Our kids love to scoot, and will happily scoot much further than they’ll walk. The trick is to find a flat, smooth surface as they’ll find it hard if the path is rutted or muddy. Cycle routes and canal paths are often great for this, as long as your kids are old enough not to scoot into cyclists or fall in the canal! Additionally, some playgrounds have scoot or skateboard parks for older children to show off their tricks and stunts.
10. Go to the beach
Another activity that is just as good in winter as it is in the sunny months. You’ll need your wellies to paddle, but beachcombing finds and rock-pooling are often better in winter. Keep safe though by staying away from rough seas and cliff edges which may have been weakened by winter storms.
I hope you find something that inspires you on the list above; if you have any further suggestions please do leave a comment.
Some of my most memorable evenings have been spent star-gazing. Many years ago I sat around the campfire on an African safari marvelling at the stars. I hope that one day my kids enjoy a similar experience.
In the meantime, winter evenings are the ideal time to get outside and explore the night sky with your kids.
What do I need?
A clear dark sky. Light pollution is an issue in much of the UK but even if you live in a city you’ll be able to see some objects once your eyes have acclimatised.
Warm clothes, as a clear sky in winter usually means frost.
A pair of binoculars if you have them. You don’t need a telescope!
Top 10 things to look for in the night sky
This list is always going to be rather subjective, but I’ve picked some favourites I’ve enjoyed looking at with my kids.
The easiest thing to spot in the night sky! But have you ever looked at it closely? Take a look through your binoculars.
The moon’s surface is full of craters from asteroid impacts. These can still be seen as the moon has no atmosphere to protect it and there’s no erosion to wear them away. You should also be able to see the lava fields. These look like large expanses of sea, hence they’ve been given names such as the Sea of Serenity.
You can demonstrate how craters are formed to your kids by getting them to drop marbles from varying heights into a tray of shallow flour.
2. International space station
The space station is usually visible for a couple of minutes each night and shows as a small dot very high up moving across the sky. It’s the third brightest object in the sky so visible from most places. Check out when you’ll be able to see it by adding your nearest city into the NASA website.
The NASA site is a great resource in general so if you want to watch a video of life on the space station or find out about onboard experiments this is the site to visit.
There are numerous websites which will help you locate the planets, as this changes depending on your location and the time. My favourite is Saturn, the sixth planet from the sun. You can see Saturn through binoculars but will need a telescope to view the rings.
Saturn is one of the gas giants, so named because it’s made mostly of gas. As with the other planets in our solar system (except Earth) Saturn is inhospitable to life with atmospheric winds of 1,100 miles per hour and storms that last for months. On the plus side it does experience seasons and its summer lasts for 8 Earth years although it’s still incredibly cold!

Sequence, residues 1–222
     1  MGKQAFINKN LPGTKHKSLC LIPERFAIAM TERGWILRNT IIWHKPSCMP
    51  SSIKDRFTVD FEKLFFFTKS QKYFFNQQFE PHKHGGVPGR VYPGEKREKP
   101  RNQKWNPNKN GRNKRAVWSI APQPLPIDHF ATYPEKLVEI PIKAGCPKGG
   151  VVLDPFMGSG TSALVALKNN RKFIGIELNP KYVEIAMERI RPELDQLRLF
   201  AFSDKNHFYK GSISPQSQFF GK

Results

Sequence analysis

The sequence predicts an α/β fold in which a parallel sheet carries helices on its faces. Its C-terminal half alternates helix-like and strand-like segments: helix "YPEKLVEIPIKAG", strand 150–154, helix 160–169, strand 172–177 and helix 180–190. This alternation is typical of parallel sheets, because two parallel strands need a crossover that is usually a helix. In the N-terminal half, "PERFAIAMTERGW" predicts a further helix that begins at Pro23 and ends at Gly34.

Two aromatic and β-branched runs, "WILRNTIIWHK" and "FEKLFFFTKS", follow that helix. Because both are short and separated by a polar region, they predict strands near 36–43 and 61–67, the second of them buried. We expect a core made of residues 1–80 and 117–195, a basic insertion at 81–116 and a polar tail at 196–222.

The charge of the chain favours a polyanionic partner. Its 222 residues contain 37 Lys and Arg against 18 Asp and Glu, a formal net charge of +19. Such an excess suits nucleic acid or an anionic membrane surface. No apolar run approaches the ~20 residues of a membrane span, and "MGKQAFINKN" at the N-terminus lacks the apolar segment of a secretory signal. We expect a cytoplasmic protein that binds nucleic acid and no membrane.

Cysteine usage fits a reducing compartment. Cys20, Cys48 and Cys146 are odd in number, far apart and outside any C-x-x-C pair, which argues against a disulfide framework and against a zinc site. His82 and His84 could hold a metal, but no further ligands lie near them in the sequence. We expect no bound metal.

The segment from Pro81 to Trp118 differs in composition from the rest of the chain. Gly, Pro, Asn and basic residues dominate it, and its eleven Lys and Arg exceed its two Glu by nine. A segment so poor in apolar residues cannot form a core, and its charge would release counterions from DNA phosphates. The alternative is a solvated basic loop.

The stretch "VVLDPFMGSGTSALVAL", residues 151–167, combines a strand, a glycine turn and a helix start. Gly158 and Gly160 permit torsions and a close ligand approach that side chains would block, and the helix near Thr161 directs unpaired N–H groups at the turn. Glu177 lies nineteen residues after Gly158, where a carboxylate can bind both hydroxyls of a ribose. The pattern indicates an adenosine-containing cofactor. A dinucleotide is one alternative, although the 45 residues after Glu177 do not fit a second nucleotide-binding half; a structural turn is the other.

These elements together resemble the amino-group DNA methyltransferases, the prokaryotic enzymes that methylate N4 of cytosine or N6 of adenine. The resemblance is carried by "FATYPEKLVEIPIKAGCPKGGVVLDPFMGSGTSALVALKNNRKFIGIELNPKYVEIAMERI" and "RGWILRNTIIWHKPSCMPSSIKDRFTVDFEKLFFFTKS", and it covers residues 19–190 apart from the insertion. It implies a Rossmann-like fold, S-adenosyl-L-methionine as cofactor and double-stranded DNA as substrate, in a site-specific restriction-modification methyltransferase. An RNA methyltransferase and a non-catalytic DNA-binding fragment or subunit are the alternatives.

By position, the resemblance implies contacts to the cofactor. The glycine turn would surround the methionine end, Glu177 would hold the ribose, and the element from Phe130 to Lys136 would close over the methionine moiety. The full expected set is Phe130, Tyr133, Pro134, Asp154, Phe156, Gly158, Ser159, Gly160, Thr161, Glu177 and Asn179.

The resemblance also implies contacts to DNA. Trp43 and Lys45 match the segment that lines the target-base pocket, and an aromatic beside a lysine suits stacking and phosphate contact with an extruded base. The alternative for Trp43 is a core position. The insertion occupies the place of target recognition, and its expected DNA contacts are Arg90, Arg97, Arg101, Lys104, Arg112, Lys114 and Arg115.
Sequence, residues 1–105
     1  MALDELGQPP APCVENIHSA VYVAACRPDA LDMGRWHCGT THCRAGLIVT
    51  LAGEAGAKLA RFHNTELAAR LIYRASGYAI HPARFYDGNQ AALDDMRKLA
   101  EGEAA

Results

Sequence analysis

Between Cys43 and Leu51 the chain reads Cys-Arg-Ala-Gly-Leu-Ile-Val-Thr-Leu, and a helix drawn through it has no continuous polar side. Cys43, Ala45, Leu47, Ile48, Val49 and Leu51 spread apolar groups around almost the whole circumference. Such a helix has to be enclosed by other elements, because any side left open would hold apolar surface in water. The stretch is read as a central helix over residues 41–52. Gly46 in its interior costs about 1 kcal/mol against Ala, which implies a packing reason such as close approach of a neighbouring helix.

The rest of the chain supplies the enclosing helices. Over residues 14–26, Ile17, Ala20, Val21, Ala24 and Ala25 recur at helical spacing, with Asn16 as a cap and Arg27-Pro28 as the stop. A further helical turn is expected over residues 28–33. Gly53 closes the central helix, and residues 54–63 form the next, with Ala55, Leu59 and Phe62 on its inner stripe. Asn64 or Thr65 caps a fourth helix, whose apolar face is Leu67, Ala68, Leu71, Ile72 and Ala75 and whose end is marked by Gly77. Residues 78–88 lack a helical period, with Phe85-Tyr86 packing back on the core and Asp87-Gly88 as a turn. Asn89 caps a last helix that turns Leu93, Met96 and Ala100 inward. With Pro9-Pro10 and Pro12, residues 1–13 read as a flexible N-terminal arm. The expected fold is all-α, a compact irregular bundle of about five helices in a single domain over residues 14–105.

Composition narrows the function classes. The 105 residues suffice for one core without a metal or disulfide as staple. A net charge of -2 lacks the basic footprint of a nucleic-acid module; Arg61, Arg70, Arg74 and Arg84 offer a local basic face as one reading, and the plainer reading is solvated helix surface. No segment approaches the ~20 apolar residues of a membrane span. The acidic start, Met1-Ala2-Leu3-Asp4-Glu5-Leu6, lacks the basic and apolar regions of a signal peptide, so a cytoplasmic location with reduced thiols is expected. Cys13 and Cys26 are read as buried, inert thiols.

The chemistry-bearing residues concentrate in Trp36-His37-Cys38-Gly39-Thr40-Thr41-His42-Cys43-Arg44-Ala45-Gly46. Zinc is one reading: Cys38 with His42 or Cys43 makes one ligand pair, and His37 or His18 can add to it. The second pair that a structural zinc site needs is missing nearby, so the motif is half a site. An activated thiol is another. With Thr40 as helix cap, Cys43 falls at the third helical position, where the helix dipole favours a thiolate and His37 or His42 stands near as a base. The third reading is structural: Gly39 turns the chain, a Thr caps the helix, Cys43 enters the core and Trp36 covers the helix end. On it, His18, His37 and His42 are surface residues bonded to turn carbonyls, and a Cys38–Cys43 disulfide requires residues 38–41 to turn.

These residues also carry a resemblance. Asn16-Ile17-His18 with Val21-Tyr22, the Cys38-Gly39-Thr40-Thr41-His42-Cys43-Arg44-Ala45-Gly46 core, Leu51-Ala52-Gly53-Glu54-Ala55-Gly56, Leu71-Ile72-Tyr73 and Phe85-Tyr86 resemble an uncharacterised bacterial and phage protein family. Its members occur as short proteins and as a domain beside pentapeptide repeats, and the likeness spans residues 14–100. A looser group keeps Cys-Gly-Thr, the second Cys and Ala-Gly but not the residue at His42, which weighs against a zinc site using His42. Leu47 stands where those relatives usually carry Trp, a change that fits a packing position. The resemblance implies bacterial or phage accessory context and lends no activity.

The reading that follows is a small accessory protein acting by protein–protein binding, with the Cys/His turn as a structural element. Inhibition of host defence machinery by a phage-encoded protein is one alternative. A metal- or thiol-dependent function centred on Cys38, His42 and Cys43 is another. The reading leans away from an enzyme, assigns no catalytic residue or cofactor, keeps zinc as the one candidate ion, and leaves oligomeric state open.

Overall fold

Comets are large dusty balls of ice and rock which usually live a long way out in the solar system. We can see them if they head towards the sun as their trails become visible when the heat from the sun turns the ice to gases.
Halley’s Comet is probably the most famous comet but it’s not due to return until 2061. However, new comets are identified each year so keep an eye out in the news for future spotting opportunities. In the meantime check out the photographs from the historic landing of the Philae lander on comet P67.
Venus is a little smaller than the Earth and the closest planet to us. Although it’s a rocky planet it’s very hot and its atmosphere consists of carbon dioxide. It also has more volcanoes than any other planet in the solar system.
Venus is the second brightest object in the night sky which makes it relatively easy to find. As it orbits close to the sun it will either appear in the west in the evening or rise before the sun in the east. It can sometimes even be seen in the daylight.
The well known constellation of Orion is best seen during the winter months. The simplest way to find it is to look for its belt of three stars in a row, and then spot the hourglass shape of four stars around it. Underneath the belt (on the ‘sword’ of three further stars) you may also be able to spot the Orion Nebula, home to many young stars. You can find a map here which should help with finding Orion and the Orion Nebula.
One of the stars in Orion, Betelgeuse, is a red supergiant nearing the end of its life. When this happens, at some point in the next million years, the star will explode in a huge supernova.
7. Meteor showers
These are usually caused when a comet orbits close to the sun and the Earth passes through some of the ice and dust. This can mean you see lots of ‘shooting stars’ in a short period of time, but my recent experience is that meteor showers tend to co-ordinate well with cloudy nights!
There are several meteor showers each year, although I tend to look out for the Perseids in mid-August and the Leonids in mid-November. They’re not always at kid friendly times though, quite often the best viewing will be after midnight.
8. The Plough
Probably the easiest group of stars to recognise, the seven stars that make up the Plough look rather like a saucepan with a long handle. Something that many people don’t realise is that the Plough isn’t a constellation in its own right, instead it’s part of Ursa Major, the Great Bear.
The Plough is a useful starting point for finding other constellations and stars. For example, Polaris (the North Star) can be found by tracing a line up from the two stars on the saucepan end.